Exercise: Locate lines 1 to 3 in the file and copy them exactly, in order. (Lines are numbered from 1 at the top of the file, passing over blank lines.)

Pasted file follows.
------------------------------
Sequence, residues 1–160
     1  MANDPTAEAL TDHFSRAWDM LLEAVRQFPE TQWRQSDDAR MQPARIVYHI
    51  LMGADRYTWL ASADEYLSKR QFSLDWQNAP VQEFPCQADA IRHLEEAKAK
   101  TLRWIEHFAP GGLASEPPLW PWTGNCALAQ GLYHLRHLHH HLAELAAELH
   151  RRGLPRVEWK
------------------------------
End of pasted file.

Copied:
Sequence, residues 1–160
     1  MANDPTAEAL TDHFSRAWDM LLEAVRQFPE TQWRQSDDAR MQPARIVYHI
    51  LMGADRYTWL ASADEYLSKR QFSLDWQNAP VQEFPCQADA IRHLEEAKAK